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Johns Hopkins University to Start Sending Mental Health Providers on Security Calls

Johns Hopkins University to Start Sending Mental Health Providers on Security Calls

“It became clear that many of the calls being addressed by campus safety and security could be more effectively and appropriately handled by behavioral health clinicians”

It should be fascinating to watch how this works out. It’s not completely clear if the mental health people are going with security or in place of them.

The Baltimore Sun reports:

Johns Hopkins University to begin sending mental health providers on security calls

The Johns Hopkins University plans in the fall to begin sending trained mental health providers on calls to campus security from students and staff who may be having a crisis.

The move is similar to pilot programs recently announced in Baltimore city and county, and reflects a movement around the country to better tend to the mental health needs of the community and avoid unnecessary police involvement.

“It became clear that many of the calls being addressed by campus safety and security could be more effectively and appropriately handled by behavioral health clinicians,” said Ronald J. Daniels, the university president, and other Hopkins leaders in a message to the Hopkins community.

“Put simply, it was time for a new approach,” the message read. The Behavioral Health Crisis Support Team “will provide immediate assistance to those who need it and, just as importantly, link individuals in crisis to ongoing university support services in the days and weeks that follow.”

The plan is to pilot the program for the first year around the Homewood campus. Officials will respond to calls from affiliated students and staff, as well as others who live in the close-in communities.

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Comments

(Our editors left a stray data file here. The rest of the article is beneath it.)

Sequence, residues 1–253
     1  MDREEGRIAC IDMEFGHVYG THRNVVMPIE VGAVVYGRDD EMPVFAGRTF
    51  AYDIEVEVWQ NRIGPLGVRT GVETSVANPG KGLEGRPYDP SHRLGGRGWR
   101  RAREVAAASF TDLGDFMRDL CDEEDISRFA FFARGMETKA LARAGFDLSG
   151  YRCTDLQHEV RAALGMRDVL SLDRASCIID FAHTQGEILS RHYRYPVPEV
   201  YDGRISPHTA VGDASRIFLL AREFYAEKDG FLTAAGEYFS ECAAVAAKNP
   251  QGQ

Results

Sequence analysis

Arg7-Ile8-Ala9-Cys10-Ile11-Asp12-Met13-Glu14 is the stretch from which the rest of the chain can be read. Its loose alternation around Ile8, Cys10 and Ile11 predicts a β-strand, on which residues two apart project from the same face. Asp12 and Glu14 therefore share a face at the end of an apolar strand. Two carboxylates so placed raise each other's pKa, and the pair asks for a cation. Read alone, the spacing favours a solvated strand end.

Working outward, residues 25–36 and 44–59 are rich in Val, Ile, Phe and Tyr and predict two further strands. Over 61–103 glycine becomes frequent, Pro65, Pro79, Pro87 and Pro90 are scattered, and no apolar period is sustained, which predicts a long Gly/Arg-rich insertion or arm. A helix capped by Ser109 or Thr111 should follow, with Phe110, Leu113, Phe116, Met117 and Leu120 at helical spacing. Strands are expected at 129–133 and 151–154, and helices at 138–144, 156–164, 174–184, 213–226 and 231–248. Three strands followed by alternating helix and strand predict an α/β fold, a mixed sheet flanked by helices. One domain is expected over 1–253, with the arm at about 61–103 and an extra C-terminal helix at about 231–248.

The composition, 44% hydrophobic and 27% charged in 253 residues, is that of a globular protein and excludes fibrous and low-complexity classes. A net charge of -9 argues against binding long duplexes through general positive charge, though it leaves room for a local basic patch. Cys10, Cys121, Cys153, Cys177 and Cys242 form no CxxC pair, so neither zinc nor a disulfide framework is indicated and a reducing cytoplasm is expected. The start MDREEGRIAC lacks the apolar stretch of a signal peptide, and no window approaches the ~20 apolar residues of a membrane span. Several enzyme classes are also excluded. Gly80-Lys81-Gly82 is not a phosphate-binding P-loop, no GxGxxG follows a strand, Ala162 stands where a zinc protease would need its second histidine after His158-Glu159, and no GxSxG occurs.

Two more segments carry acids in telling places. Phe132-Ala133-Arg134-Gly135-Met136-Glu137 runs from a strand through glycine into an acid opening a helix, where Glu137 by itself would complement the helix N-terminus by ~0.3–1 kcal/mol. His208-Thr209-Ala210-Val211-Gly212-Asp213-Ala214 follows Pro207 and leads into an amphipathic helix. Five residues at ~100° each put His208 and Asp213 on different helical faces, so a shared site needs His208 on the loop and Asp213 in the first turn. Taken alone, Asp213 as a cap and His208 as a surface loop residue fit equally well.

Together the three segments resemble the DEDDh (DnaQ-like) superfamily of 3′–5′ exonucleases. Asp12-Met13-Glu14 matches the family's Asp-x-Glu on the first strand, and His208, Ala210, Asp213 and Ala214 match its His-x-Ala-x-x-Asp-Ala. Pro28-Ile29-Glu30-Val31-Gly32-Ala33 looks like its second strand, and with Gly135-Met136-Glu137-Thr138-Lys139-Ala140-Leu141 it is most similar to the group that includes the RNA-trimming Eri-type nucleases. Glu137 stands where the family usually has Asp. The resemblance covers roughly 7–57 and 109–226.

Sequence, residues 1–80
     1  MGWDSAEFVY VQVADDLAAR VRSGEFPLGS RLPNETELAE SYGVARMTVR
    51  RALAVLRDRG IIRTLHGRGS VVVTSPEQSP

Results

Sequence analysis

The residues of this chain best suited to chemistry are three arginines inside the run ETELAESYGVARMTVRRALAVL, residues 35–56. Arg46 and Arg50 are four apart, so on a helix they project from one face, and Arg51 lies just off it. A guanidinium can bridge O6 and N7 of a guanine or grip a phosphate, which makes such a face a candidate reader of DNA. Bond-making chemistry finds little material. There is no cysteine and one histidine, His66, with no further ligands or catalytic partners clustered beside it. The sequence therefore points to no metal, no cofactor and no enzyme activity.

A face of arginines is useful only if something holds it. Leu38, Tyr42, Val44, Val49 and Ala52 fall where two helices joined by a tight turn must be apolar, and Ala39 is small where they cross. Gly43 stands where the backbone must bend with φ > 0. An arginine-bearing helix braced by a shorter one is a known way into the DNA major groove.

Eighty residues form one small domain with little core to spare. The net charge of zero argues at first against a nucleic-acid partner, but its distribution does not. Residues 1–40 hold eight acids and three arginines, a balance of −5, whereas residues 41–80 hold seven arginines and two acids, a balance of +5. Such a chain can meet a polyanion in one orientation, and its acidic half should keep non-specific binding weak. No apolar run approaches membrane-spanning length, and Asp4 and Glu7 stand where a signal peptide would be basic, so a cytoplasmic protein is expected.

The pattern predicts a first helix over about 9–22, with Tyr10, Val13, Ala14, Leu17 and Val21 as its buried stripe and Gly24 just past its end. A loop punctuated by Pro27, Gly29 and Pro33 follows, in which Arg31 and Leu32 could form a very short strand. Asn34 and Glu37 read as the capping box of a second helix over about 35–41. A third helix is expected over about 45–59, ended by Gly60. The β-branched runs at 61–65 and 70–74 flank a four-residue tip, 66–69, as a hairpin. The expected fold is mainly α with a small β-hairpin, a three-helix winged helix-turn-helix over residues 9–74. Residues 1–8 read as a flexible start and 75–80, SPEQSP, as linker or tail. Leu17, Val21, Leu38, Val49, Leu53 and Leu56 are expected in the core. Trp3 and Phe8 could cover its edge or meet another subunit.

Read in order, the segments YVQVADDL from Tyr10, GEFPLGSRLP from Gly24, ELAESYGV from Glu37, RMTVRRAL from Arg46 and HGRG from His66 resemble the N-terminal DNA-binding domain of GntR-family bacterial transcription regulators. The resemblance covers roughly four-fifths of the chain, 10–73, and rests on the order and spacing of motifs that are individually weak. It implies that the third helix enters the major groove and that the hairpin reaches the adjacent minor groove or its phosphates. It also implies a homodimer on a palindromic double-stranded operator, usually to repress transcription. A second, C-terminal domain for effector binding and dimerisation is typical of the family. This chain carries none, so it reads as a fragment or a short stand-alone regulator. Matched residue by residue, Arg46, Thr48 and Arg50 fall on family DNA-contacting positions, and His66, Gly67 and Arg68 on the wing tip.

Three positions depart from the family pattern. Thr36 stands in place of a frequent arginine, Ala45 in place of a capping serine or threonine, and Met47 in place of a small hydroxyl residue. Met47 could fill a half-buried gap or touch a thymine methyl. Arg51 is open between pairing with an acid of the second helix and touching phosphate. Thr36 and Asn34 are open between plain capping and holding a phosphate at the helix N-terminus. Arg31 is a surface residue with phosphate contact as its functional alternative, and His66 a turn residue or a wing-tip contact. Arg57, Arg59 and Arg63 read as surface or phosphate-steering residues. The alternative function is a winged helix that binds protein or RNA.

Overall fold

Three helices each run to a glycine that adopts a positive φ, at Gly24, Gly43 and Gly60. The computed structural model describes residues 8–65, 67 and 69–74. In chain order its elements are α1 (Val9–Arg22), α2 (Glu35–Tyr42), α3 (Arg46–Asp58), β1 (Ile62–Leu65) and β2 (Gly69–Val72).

This is a good thing. May they learn quickly that this is a stupid, ineffective, and possibly dangerous idea.

drsamherman | May 20, 2021 at 1:09 am

Putting on my retired psychiatrist hat, but that is a stupid idea. If they are dealing with a dissociative disorder (e.g. bipolar, schizophrenic, leftist) patient holding a gun, mere talking won’t do a damned thing. Unless they also carry haloperidol darts.

    henrybowman in reply to drsamherman. | May 20, 2021 at 7:32 am

    Sometimes a stupid idea is a good idea.

    A friend of mine was fond of saying, “Some people never see the light until it shines through the bullet holes.”

    Never forget the Harold Carswell principle — stupid people deserve as much as anyone else to have lessons tailored just for them.

    WindyHill in reply to drsamherman. | May 20, 2021 at 8:18 am

    Thank you for saying that. I was just trying to reflect on the practicality of managing a crisis situation response as opposed to having the relative stability of meeting in an office or hospital setting.

And who gets to evaluate the end-of-year results? What criteria do they use? Who writes the report?

When I worked for the Sheriff, we took a mental health professional with us whenever possible to handle calls involving mental cases. But the mental health person stayed outside until the deputies determined it was safe.

If they are going to use mental health people to enter situations without law enforcement, then they are going to see some mental health professionals getting assaulted.

    henrybowman in reply to OldProf2. | May 22, 2021 at 10:41 am

    Send gunless, defenseless people out to confront psychotics. This is precisely the doctrine I would expect to emerge from an organization that boasts a “Bloomberg School of Public Health” (yes, THAT Bloomberg). One could argue that this entire idea reeks of the “Bloomberg school” of thought. If they think now is the time for them to put up, I’m not going to stand in their way.

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